• Melissa Paulsen, MA, LMFT, RPT-S

Gaslighting: A Form of Domestic Violence

Updated: Jan 30


“Changed behavior is the only apology, otherwise it’s manipulation.” – Unknown.


October is National Domestic Violence Awareness Month and gaslighting is a form of domestic violence.


You may have heard the term “gaslighting” and have a general idea of what it means but we’re going to talk about it a little more in depth because according to YouGov, 3 in 4 US adults do not know what gaslighting is. Since so many do not know what gaslighting is, it’s hard to know the prevalence of how common it is. However, since gaslighting is a form of emotional or psychological abuse,this statistic is worth sharing: 4 in 10 women and 4 in 10 men have experienced at least one form of coercive control by an intimate partner in their lifetime.


Gaslighting is a form of manipulation and most commonly occurs in intimate or romantic relationships but can also occur in relationships with family or friends. It is also commonly used by dictators and cult leaders to maintain control.


Have you ever been upset about something and when confronting the person you’re upset with, they somehow turn it back around on you to where you feel confused, question why you were mad in the first place, and now feel like the bad guy? That’s gaslighting.


Encyclopedia Britannica defines gaslighting as “an elaborate and insidious technique of deception and psychological manipulation, usually practiced by a single deceiver, or ‘gaslighter,’ on a single victim over an extended period”.


According to The Lancet, the term gaslighting originated from “Patrick Hamilton’s 1938 play, Gas Light, known in America as Angel Street.” The play is about a man who tries to convince his wife she’s insane so he can have her inherited jewels. In 1944, this was turned into a movie by George Cukor called Gaslight. You can read more about the movie here.


Here’s what gaslighting can look like:

  • Incongruent actions and words. Words mean nothing, behavior is everything. The quote on the top of this article is a perfect example of this.

  • A cycle of praise and criticism. A gaslighter will often tear you down and make you feel horrible about yourself and then try to redeem themselves by saying things to make you feel better about yourself. Again, actions overrule words. The goal here is for that praise to make you think the gaslighter isn’t so bad so you’ll stay.

  • Power. The gaslighter / abuser wants power. They will slowly isolate you from others so they are the only person within your support system. This is very methodical by design. If you’ve cut off everyone else, you won’t leave me, because you wouldn’t have anyone to go to. Everyone else is the problem, I’m the only one who’s really here for you. “It’s us against the world, babe!”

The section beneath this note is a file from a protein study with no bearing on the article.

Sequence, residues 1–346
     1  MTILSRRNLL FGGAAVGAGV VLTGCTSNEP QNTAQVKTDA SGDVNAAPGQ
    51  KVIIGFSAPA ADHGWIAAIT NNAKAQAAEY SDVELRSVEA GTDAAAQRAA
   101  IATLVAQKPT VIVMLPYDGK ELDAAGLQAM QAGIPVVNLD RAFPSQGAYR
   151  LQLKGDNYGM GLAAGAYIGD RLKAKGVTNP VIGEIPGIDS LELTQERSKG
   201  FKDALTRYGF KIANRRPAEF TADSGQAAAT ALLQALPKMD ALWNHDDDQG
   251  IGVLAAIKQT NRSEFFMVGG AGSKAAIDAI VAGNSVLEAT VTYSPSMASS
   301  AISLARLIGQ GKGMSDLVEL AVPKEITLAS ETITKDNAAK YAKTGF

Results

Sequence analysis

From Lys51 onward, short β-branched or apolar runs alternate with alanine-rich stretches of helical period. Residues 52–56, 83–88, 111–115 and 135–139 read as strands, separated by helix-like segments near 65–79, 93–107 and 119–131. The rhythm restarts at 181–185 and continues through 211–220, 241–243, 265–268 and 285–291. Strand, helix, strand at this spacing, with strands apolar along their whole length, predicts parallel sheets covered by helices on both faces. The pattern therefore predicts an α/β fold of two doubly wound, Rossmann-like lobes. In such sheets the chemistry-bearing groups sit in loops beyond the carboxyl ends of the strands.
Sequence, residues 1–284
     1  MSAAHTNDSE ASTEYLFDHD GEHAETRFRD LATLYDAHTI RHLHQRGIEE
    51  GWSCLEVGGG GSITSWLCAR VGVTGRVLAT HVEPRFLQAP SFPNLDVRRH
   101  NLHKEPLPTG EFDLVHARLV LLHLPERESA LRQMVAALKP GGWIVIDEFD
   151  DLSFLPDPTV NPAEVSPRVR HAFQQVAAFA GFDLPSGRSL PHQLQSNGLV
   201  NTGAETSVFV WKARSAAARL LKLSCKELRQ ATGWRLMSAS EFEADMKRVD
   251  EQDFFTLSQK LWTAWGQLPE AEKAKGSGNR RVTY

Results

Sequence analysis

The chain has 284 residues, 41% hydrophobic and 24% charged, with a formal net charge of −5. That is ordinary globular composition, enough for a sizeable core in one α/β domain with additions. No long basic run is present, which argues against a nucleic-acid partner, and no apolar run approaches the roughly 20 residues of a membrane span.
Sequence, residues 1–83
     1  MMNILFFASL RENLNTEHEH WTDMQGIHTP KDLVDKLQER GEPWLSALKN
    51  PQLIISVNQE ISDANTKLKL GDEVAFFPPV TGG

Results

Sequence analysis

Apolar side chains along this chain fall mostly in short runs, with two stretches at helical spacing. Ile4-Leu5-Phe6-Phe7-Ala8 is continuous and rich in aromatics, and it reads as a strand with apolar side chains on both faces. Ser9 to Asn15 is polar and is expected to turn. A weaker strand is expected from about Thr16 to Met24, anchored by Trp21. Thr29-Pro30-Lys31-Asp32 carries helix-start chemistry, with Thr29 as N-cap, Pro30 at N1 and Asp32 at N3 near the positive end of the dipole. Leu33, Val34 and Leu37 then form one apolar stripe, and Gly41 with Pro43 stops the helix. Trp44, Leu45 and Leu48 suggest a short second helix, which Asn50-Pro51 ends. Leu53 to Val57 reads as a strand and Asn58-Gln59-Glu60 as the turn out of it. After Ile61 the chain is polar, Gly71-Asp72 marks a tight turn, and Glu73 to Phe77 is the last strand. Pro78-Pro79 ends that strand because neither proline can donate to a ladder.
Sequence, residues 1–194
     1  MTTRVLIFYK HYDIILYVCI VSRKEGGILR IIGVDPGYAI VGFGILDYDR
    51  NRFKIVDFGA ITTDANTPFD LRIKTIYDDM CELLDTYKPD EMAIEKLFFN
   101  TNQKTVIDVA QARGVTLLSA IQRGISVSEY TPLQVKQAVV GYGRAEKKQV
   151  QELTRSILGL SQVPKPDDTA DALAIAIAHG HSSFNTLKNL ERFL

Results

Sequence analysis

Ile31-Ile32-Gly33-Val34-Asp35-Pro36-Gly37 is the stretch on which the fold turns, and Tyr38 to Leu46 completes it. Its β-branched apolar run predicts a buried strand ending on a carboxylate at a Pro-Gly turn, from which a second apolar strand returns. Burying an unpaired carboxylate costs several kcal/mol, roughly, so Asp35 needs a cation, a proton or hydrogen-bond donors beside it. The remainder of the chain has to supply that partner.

• Crazy. You will question whether you’re crazy and your gaslighter will affirm you’re right and tell everyone else you’re the crazy one too. “Gaslighters are masters at manipulating and finding the people they know will stand by them no matter what—and they use these people against you.”

  • Lying & Denial. Once confronted, the gaslighter will lie. The denial and lying will leave you believing you’re the problem. A gaslighter will often ask for proof but because the proof is mostly based on memory, it will be hard to prove and leave you feeling more uncertain and doubting yourself even more.

  • Using what you love as ammunition. Whether it’s your job, your children, your family of origin, or your hobbies, a gaslighter will find a way to get you to get rid of these things. A gaslighter wants to be all that you have so you can’t leave because you have nothing else.


On the surface, it may seem like these signs would be easily recognizable but these tactics happen so slowly and methodically that it’s hard to notice what is happening.


What to do about it:

  • Gather evidence. Since most of the time it’s your memory that provides the proof, any tangible evidence you can use to feel confident in your belief that you’re being gaslit will be helpful.

  • Practice self-care. Spend time with your support system, exercise, practice yoga or meditation, journal, or engage in other hobbies and activities you enjoy to counteract the gaslighter’s goal of making you believe you have nothing outside of them.

  • Elicit feedback from your support system. Having an outsider’s (somewhat) unbiased perspective can be helpful. If the gaslighter finds out about this they will definitely blame the outsider and try to make it so you no longer trust, believe, or interact with that person.

  • Seek professional help. It can be incredibly difficult to tease out the nuances of gaslighting. A licensed professional can help you understand what’s happening and support you in working through possible solutions and next steps.

  • Contact the National Domestic Violence Hotline by calling, texting, or chatting online.

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